At least around here, maybe not in Milwaukee, maybe not in Brookfield, maybe not in Madison, but around these parts, if you're gonna suggest that a cop is crooked, you're gonna suggest that a cop committed crimes, then you better have something other than "Your elbow was on the table."

From Season 1, Episode 7 of Making a Murderer, spoken by Ken Kratz.

Can you please provide me the explanation of the phrase "Your elbow was on the table" in the context of the above excerpt. The DA resolutely defends the work of the police but what he means by saying that phrase I am not able to understand.

  • 1
    I would hazard a guess that it means that if you wish to bring an accusation against a cop it had better be something substantial rather than some mere "breach of etiquette". Apr 13, 2016 at 11:53
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    Side note: Should be "The DA resolutely defends ..." "Defend" is a verb. "Defense" is a noun.
    – Jay
    Apr 13, 2016 at 13:35

1 Answer 1


Putting your elbows on the table is considered improper etiquette and bad manners. (See #8 in this post, e.g.)

So, by saying:

you better have something other than "Your elbow was on the table."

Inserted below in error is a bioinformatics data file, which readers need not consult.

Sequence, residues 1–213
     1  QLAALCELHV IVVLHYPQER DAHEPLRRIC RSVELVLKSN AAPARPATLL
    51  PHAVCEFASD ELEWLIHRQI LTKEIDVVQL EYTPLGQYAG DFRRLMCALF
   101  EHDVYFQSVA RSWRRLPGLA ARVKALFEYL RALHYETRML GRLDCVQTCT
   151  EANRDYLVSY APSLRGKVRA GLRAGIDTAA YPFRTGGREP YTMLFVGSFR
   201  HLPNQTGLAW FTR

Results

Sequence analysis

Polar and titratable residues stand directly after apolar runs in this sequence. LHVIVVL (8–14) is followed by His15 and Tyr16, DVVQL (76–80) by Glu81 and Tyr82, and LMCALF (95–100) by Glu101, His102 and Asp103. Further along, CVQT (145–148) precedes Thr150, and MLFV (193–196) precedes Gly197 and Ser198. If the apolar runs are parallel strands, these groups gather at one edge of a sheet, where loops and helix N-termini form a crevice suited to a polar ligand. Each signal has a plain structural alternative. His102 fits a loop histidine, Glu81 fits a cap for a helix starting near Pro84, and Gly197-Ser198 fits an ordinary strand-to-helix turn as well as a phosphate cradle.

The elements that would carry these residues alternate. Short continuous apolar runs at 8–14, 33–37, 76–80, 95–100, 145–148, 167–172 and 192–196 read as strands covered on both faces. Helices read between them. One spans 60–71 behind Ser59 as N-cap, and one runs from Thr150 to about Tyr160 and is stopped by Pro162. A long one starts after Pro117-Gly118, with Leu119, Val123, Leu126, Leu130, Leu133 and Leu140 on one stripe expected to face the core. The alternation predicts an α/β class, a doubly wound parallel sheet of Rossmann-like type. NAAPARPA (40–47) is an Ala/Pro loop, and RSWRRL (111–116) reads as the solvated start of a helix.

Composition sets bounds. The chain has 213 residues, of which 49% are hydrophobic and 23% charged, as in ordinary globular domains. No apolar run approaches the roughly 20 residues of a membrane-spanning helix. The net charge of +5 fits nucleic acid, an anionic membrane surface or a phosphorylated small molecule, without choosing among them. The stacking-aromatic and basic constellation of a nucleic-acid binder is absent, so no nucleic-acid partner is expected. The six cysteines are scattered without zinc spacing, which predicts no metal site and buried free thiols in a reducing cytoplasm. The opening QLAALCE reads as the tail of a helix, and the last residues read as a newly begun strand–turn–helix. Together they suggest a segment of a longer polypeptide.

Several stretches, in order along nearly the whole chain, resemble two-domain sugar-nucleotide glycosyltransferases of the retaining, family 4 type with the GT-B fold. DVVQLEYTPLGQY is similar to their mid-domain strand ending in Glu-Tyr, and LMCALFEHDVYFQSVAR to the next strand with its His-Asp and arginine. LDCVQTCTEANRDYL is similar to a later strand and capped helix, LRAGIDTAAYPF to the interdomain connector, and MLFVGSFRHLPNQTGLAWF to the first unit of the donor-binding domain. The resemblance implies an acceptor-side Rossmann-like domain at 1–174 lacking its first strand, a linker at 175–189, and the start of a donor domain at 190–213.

the author means, "you better have something more substantial than some trivial infraction."

Any trivial offense would suffice here; the author could have just as well said something along the lines of:

you better have something other than "You used the wrong fork at dessert."

  • By "trivial infraction" you mean the spelucative arguments of defense attorneys who based their defense of the possible police conspiracy against their client?
    – bart-leby
    Apr 13, 2016 at 12:11
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    I think it means the police in question must be doing something VERY bad, and you'd better have some hard evidence, not just a vague suspicion.
    – J.R.
    Apr 13, 2016 at 12:20
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    @j.r. Whoa, I upvoted your answer, but your comment isn't right. The original statement, and your answer, say that you better not just be talking about, as you say, a "trivial infraction" -- breaking some arbitrary rule of ettiquette as opposed to a serious crime. While it may well be true that the DA would also demand hard evidence, nothing in the quote says that.
    – Jay
    Apr 13, 2016 at 13:39
  • I think that I have found out what the DA meant by saying that phrase in the context of the seventh part of TV series Making a Murderer. The two cops were searching in residence of Steven Avery but they did not inform their boss that they were deposing in the civil trial in which Steve Avery demanded compensation for his unjust conviction. Probably this is supposed to be "trivial infraction" or "breaking some arbitrary rule of ettiquette" in the eyes of the prosecutor.
    – bart-leby
    Apr 13, 2016 at 15:12
  • @Jay - You may be right; in my zeal to furnish more information, I may have read too much into the original quote. Nice catch.
    – J.R.
    Apr 13, 2016 at 15:16

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